Once again, Vladimir Putin’s gangster regime is sabre rattling and threatening the peace and security of Eastern Europe. Not content with the illegal invasion and annexation of Crimea in 2014 or the continued occupation by Russian troops of sovereign Georgian territory, Russia’s President is again trying to use the people of Ukraine as pawns in a wider game.
Putin’s propaganda, which is so often swallowed by Left-wing commentators in the West, has a familiar refrain. “Russian speakers”, a ridiculously wide definition if ever there was one, are threatened in the Caucuses/Ukraine/Baltics and Putin says it is the duty of the Russian state to defend them.
This argument is, on its own, one of the reasons why Russia can never be allowed to be part of the family of democratic and civilised nations. Its core belief is that those who regard themselves as being culturally allied to Moscow should be protected not by the laws and constitutions of the state in which they live, but by interventionist forces dispatched by the Kremlin.
Everything we have seen in recent weeks is part of the KGB playbook based on the concept of “reflexive control”. This doctrine results in a sustained campaign of using carefully selected information to convince opponents to make decisions that they believe are their own but are in fact the desired outcome of the Soviet, now Russian, state. Built out of the Soviet concept of maskirovka, or military deception, the aim is to control the psychological reflex of the opponent by creating a particular model of behaviour, taking advantage of familiar moral arguments and psychological tactics, or exploiting the characteristics and behaviour of political and military leaders.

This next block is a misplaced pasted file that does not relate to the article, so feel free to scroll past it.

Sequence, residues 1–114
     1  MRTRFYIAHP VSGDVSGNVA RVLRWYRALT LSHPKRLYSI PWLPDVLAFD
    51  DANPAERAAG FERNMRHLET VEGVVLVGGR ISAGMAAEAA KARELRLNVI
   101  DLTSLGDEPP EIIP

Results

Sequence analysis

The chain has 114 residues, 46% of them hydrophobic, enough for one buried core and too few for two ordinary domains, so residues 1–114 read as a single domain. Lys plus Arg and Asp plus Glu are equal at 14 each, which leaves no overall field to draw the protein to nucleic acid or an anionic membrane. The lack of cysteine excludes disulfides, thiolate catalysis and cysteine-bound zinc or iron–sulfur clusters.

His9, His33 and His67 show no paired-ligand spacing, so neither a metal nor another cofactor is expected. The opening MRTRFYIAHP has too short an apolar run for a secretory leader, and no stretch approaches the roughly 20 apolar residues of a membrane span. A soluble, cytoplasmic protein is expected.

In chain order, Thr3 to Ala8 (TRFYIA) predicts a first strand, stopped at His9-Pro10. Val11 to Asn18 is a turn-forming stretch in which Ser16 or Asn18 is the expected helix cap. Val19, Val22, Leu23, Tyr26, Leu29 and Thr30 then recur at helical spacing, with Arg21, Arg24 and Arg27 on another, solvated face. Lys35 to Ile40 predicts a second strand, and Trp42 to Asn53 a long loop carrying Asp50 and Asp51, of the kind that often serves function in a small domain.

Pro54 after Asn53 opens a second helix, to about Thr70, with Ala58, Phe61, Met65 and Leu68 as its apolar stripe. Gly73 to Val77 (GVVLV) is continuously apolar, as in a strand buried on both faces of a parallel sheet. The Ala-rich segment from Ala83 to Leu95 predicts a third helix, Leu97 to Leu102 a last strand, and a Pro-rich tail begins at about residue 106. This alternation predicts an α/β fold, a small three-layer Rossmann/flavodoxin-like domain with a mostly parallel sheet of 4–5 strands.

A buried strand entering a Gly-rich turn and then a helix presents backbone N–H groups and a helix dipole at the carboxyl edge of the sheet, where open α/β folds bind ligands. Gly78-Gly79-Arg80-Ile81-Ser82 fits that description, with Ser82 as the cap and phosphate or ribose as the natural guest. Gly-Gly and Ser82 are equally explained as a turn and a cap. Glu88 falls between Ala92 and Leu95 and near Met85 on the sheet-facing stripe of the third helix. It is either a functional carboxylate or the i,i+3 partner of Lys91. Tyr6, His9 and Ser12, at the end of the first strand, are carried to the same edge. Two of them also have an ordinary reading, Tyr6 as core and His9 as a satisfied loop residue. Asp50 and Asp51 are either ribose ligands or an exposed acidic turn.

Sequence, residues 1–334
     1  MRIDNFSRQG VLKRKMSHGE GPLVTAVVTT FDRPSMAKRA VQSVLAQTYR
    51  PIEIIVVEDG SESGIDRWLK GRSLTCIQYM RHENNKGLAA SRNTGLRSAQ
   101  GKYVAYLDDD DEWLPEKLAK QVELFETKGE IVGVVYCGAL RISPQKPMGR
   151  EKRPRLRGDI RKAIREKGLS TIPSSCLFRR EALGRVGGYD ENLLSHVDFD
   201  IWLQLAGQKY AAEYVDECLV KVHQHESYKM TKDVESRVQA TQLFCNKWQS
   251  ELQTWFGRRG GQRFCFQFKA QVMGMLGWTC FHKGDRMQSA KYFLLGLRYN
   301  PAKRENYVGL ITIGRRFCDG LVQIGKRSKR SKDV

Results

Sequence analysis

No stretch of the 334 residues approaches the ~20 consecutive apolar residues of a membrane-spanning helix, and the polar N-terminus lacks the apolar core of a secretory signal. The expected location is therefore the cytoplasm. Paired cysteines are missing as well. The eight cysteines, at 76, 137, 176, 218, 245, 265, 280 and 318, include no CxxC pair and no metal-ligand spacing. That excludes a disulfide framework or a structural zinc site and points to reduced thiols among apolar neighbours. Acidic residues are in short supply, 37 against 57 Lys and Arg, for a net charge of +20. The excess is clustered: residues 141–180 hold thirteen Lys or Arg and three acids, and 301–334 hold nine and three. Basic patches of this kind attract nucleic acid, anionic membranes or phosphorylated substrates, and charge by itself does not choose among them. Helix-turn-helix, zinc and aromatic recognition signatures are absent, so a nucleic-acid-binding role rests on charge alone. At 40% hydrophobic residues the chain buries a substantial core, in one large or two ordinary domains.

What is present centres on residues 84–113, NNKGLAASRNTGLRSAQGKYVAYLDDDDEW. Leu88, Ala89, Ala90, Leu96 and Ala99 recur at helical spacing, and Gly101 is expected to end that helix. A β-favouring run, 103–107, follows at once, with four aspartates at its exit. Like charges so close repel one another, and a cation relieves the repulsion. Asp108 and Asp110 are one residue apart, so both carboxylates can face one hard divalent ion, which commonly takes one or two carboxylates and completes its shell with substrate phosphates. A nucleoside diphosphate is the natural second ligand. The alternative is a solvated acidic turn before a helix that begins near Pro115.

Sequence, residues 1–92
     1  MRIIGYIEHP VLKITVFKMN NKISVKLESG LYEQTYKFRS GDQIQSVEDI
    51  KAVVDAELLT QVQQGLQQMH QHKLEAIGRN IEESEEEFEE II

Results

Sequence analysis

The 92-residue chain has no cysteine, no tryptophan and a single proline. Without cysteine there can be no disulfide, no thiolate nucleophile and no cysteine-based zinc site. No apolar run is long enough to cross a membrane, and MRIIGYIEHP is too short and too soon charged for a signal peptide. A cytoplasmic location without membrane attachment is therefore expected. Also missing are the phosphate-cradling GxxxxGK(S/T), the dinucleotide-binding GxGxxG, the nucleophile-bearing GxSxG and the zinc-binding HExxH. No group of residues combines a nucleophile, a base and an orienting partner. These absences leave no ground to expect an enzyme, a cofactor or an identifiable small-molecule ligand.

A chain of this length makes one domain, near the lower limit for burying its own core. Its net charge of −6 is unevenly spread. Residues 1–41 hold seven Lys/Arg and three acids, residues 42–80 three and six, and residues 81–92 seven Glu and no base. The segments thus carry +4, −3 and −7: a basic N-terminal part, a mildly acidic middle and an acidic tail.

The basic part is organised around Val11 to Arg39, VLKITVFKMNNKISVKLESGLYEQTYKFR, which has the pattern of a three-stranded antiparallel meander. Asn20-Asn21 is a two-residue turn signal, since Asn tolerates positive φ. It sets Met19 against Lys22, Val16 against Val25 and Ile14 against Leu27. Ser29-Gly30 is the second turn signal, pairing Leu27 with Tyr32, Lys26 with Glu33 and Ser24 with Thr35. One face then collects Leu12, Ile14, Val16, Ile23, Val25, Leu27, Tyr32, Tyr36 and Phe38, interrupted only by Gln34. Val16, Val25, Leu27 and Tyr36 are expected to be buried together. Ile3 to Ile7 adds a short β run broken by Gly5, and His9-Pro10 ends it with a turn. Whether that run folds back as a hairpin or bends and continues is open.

This remains a widely taught concept in the political and security apparatus of Russia and is a key component in their practice of hybrid warfare which blends conventional warfare, irregular warfare and cyberwarfare with other influencing methods, such as fake news and foreign electoral intervention.
Meddling in the democratic elections of Western states and regular cyber attacks have become a regular part of the modus operandi of Putin’s Kremlin. In 2020, the US government announced that its intelligence services believed Russia was responsible for a cyber-attack that embedded malicious code inside the software systems of governments and companies across the world. In July last year, Britain, the US and Canada accused a Russian hacking group of trying to steal Covid-19 vaccine research from academic and pharmaceutical institutions.
In 2014, ahead of their last illegal action in Ukraine, Russia deployed forces in uniforms without insignia, a policy of plausible deniability which too many Russian apologists in the West were happy to buy into. Even when Malaysia airlines flight 17 was shot down in July of that year, Moscow’s Western sympathisers urged caution in apportioning blame.
Putin’s preposterous arguments in recent days that Russian action may be required to deal with discrimination against Russian speakers in the Donbas region of eastern Ukraine fits perfectly into his well-rehearsed tactics. More subtle was his use of language that “we see and know what is happening in Donbas … it certainly looks like genocide”. This was designed to have a clear resonance with Western politicians who have been complaining about the Chinese treatment of the Uyghurs, regularly referring to the concept of genocide. By using the same terminology, the Kremlin’s reasoning is that there would be less instinctive opposition to Russian action.
It is time to call Putin out and make clear that we understand the game he is playing. While it has become a regular part of Russian policy to prod and irritate Western powers without actually provoking a military response, it is up to our political leaders to make extremely clear that the price of Russian miscalculation would be high.
Understandably, much domestic focus has been on Christmas parties and the omicron variant. But we must not allow our political priorities to play into Putin’s “reflexive control” approach. There is danger here which we must all appreciate.